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Monometal and competitive adsorption of heavy metals by sewage sludge-amended soil



Monometal and competitive adsorption of heavy metals by sewage sludge-amended soil



Chemosphere 68(3): 489-494



Sewage sludge-amended soils may alter their ability to adsorb heavy metals over time, due to the decomposition of sludge-borne organic matter. Thus, we studied Cd, Ni, and Zn adsorption by a sewage sludge-amended soil (Typic Xerofluvent) before and after one-year incubation in both monometal and competitive systems. In the monometal system, the order of decreasing sorption was Zn>Cd>Ni. Competition significantly reduced metal K(d), especially that of Cd which decreased by nearly 50%. Over the course of the incubation there was a 31% reduction of soil organic matter content. At the same time, in competitive systems Cd K(d) significantly decreased, while Zn K(d) significantly increased, and Ni K(d) remained unaffected. This study shows that sewage sludge-amended soils may change in their ability to sorb heavy metals over time at high metal concentrations. The data suggest that Cd is likely to be of most environmental significance in such soils, since it exhibited decreased sorption under competitive conditions and as the organic matter content of the soil was reduced. The potential for long-term release of metals should be considered in the risk assessment associated with sewage sludge addition to soils, particularly in climates where degradation of organic matter is likely to be enhanced.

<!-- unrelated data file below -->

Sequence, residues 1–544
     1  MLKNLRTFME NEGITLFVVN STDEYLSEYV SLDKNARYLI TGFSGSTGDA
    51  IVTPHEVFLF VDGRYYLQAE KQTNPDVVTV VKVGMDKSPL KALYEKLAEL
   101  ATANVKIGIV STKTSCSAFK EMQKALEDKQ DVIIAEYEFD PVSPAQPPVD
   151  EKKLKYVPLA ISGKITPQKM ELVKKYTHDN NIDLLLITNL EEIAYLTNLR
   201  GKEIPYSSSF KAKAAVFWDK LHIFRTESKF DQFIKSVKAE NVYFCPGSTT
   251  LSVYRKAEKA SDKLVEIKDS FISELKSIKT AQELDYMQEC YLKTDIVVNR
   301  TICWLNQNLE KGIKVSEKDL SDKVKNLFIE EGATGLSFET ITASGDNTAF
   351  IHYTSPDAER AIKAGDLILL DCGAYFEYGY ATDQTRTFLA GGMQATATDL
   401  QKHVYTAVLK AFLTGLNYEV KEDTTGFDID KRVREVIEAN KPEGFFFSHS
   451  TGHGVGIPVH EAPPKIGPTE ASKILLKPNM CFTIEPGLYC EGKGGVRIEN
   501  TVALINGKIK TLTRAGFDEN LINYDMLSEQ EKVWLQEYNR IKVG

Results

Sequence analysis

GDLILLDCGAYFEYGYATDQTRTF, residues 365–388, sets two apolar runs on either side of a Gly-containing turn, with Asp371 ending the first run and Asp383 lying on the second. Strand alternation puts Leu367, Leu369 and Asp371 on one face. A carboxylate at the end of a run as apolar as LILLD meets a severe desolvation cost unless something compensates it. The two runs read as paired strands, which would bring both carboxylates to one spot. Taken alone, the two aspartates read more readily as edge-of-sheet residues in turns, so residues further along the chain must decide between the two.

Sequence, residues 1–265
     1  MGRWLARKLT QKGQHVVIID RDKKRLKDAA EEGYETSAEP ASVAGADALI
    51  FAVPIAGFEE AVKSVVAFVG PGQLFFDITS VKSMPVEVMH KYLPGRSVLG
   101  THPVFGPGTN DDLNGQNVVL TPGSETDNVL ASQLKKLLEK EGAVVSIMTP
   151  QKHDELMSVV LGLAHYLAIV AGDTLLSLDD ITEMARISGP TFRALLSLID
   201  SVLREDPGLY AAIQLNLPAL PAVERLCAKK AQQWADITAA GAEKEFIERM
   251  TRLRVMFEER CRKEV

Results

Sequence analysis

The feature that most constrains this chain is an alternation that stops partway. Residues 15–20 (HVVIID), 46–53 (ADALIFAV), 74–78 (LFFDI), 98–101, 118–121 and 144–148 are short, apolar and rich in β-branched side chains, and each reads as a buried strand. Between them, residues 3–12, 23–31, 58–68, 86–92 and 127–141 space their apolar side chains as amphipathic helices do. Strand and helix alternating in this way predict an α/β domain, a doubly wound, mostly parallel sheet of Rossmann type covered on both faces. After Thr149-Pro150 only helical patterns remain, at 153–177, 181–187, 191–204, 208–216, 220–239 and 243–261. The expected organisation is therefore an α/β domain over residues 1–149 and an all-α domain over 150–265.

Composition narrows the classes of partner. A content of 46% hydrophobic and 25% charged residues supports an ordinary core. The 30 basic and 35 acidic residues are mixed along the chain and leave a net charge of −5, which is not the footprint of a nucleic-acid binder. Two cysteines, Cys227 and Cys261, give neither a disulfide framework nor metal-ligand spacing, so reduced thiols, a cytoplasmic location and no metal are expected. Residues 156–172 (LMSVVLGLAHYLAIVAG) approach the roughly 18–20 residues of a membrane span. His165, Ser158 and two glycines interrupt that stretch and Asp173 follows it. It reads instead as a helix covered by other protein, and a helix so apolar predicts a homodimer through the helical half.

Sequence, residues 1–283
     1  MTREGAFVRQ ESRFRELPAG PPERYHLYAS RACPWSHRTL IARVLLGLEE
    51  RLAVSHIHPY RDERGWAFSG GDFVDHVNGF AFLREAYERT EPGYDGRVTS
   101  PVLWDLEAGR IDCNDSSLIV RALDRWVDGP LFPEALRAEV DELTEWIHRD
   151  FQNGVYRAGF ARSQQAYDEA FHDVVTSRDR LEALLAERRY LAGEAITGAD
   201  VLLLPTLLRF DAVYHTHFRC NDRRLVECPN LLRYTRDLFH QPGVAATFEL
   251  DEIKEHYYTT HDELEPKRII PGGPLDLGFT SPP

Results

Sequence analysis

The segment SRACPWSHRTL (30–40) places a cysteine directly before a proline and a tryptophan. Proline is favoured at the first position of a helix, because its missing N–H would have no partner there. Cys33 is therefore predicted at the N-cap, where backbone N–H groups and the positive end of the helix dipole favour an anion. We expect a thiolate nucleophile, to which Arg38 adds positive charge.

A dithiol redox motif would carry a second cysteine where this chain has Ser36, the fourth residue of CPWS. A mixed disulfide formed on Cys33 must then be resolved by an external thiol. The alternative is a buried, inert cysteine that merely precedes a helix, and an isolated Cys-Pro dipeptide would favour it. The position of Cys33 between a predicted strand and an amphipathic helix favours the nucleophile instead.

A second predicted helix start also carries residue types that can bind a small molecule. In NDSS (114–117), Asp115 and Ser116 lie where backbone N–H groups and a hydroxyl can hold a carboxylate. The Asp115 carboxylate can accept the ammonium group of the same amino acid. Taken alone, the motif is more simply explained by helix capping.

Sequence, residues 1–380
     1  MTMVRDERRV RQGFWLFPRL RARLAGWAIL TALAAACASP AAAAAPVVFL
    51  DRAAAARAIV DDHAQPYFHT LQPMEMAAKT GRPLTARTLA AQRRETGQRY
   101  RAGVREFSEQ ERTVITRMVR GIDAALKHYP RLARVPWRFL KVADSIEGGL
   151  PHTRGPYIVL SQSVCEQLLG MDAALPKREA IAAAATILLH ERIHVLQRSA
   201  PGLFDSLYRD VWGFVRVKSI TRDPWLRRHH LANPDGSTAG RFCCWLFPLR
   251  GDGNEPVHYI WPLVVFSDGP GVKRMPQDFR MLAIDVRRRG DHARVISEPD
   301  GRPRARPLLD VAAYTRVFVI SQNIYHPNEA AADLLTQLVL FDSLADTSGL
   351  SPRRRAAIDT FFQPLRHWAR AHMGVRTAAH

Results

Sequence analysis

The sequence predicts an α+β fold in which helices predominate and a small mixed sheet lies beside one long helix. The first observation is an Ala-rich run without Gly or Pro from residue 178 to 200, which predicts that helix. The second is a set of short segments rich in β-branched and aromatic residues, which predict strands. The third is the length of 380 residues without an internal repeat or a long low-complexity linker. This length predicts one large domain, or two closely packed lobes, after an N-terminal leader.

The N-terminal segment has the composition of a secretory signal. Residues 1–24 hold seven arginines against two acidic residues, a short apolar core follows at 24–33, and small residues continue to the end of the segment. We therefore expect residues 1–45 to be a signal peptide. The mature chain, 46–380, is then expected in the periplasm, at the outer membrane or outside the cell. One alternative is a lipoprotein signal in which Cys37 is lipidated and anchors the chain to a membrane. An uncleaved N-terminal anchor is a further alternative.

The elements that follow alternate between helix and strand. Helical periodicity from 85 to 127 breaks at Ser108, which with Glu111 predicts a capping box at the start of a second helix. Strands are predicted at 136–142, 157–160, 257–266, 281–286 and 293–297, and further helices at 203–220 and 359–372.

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Accession: 013763554

Download citation: RISBibTeXText

PMID: 17276490

DOI: 10.1016/j.chemosphere.2006.12.062



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